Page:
What is it that turns the key for most practicing physicians as you make this shift?

It’s a combination of things. I think physicians want to do the right thing. They went to med school to help patients; they’re trained in the scientific method. And they need to know that what they’re doing is scientifically valid. If you can’t convince physicians that something is the right thing to do for patients, they’re not going to do it. And I respect that. I used to be a practicing physician; and if someone couldn’t convince me something was right for my patients, I wouldn’t do it, either. So they need to understand that all of this is good for their patients; and they need to understand all the changes taking place at the national and local level; and also to understand how change will help them better take care of their patients. And that’s why we’re seeing the development of narrow networks—where physicians are being excluded from caring for patients, sometimes for quality, more often for resource utilization issues. And that can be upsetting for patients and for the physicians. So we talk about all the developments going on nationally and try to make it relevant for them. So for them to continue to care for the community, they need to demonstrate high-quality care at efficient cost.

And we provide them with those resources to help them, because it’s very hard for physicians in small practices. And with MIPS [the new Merit-based Incentive Payment Program]—in 2019, physicians will either need to participate in alternative payment models, or in MIPS. Beginning 2019, they’ll get a 5-percent annual bonus for participating, whereas there could be up to a 9-percent downside under MIPS in Medicare reimbursement over time, and that could be very difficult for the physicians.

And a lot of physicians are trying to figure out what alternative payment models mean for them. So we try to explain to them what’ going on and what it means. On a very simple level, physicians want to take good care of their patients, and want to have the opportunity to continue to care for their patients. And when you explain what all this means, with very few exceptions, get that.

What will happen in the next few years, around these changes?

I believe more physicians will participate in alternative payment models, in organized contracts; you’ll see consolidation in healthcare. Physicians may need scale to demonstrate excellence in quality and clinical efficiency. So you’re seeing more physicians becoming employed. That trend is going to continue. And in some markets, solo practice, unaffiliated, will become very difficult.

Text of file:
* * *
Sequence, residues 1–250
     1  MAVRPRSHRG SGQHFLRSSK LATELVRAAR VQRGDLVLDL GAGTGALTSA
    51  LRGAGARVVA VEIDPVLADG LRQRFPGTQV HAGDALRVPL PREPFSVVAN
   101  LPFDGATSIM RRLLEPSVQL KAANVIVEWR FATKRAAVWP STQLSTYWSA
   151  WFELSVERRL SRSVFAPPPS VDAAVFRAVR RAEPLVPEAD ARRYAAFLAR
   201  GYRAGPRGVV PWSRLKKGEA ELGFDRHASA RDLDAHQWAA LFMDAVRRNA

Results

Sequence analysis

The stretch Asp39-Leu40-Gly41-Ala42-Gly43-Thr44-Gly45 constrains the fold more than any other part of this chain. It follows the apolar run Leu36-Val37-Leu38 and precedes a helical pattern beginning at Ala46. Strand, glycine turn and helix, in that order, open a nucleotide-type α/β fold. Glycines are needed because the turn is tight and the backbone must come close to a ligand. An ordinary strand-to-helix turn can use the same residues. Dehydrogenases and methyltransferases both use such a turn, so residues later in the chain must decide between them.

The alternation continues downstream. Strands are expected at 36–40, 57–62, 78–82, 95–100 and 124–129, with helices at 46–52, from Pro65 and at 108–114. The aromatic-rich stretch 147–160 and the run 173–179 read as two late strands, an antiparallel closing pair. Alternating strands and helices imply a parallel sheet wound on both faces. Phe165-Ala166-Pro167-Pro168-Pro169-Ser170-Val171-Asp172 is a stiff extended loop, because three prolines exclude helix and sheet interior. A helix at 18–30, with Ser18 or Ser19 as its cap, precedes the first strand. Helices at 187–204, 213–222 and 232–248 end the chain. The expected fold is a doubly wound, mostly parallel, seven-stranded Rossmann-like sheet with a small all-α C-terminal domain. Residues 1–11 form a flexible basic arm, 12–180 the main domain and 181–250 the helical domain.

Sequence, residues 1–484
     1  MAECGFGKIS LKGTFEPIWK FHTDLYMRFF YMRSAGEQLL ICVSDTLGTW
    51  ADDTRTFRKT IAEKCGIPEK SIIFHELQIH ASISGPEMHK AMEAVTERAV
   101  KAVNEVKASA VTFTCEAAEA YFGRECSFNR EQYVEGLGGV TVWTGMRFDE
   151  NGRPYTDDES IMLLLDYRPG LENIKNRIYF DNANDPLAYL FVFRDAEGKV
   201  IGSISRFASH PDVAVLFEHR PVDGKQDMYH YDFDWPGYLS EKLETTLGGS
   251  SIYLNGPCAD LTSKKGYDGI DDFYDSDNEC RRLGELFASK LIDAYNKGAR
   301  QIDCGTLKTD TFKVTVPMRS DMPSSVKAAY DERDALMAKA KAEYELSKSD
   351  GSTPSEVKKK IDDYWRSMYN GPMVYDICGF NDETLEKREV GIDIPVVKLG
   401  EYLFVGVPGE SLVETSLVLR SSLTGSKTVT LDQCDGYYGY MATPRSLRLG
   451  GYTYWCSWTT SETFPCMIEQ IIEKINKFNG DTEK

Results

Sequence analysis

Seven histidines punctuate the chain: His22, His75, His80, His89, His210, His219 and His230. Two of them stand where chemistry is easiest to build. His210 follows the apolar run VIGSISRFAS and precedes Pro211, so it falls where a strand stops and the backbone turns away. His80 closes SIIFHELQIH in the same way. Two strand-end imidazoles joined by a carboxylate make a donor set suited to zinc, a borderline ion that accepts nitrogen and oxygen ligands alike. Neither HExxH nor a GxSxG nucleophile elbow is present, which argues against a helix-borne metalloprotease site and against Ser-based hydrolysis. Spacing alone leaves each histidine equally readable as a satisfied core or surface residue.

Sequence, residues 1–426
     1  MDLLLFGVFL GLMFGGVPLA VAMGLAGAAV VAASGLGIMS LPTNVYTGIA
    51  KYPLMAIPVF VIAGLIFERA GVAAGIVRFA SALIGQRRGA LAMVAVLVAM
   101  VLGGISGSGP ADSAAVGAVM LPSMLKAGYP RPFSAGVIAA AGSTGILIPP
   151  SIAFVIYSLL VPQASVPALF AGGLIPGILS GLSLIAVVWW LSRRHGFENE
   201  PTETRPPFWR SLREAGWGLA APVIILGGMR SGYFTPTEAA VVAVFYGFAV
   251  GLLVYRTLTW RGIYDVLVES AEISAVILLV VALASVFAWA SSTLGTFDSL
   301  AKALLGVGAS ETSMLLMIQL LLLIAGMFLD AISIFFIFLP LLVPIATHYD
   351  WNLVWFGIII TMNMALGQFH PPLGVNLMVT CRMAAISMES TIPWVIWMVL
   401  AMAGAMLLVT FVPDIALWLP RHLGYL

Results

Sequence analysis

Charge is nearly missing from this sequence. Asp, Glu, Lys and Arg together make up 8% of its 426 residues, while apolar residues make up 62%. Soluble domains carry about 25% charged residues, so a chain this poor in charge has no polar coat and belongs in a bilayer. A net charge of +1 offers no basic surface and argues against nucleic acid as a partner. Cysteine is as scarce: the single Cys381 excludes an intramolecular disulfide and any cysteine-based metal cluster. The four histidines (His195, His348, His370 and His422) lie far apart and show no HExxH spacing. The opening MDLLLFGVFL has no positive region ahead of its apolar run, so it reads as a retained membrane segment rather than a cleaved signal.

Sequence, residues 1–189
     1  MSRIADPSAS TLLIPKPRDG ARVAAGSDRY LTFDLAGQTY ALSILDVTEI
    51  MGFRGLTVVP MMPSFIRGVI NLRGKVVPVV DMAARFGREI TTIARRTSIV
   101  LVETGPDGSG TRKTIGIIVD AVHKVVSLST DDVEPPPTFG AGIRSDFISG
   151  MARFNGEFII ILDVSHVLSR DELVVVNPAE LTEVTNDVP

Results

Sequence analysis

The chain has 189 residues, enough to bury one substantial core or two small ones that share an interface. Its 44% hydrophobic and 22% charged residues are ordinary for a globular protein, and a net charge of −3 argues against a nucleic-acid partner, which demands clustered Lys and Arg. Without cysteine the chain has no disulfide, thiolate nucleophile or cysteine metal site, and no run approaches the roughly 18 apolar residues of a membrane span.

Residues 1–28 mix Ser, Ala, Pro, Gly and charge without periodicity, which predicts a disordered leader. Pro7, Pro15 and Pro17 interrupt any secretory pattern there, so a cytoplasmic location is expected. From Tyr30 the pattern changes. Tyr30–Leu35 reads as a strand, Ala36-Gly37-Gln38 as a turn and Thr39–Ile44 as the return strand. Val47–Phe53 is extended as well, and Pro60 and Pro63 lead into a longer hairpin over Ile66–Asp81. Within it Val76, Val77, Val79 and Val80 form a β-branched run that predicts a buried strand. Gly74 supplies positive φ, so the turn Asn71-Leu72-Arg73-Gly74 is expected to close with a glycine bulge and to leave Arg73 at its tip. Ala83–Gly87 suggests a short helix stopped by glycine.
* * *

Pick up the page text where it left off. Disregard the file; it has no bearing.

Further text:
What do healthcare and healthcare IT leaders need to do, around all this?

I just read a survey in a publication that said that most CMIOs want to take on more responsibility. [SSI?] And they were asked, would they want to be CMO, CIO? The number=one response was, clinical transformation officer: they want to be involved in clinical transofmration. So this is their opportunity to help their organization succeed in the transition from fee-for-volume to fee-for-value. In many organizations, CMIOs are still in tactical roles, with implementations and post-iplementations, getting this live and that live. And in opinion, CMIOs are some of the smartest people I’ve ever met. And that undervalues their capabilities; they should have a much more strategic role. So when executives at an organization revising their strategic plans for the future, the CMIO should be at the table, and in discussions broader than just how to leverage technology.

So CMIOs should become more strategic; they should understand their organization’s strategic plan, and should be at the table when people are having conversations about achieving their orgnaizations’ long-term goals. So the technology is the means to an end; the end is providing the best-possible care at an affordable cost. The technology is just an enabler.

What do you think you’ll hear, and what would you like to hear, at AMDIS, this week?

I’d love for the conversations to be strategic, in addition to tactical. So all of their organizations are undergoing fundamental transformations. Some will be very successful, but not all. Some will be severely challenged through the transition. And I’d love to hear all the AMDIS attendees talk about how they’re going to help their organizations succeed at a time when healthcare reimbursement is changing, patient care is changing, through a combination of strategy and executing on proven tactics.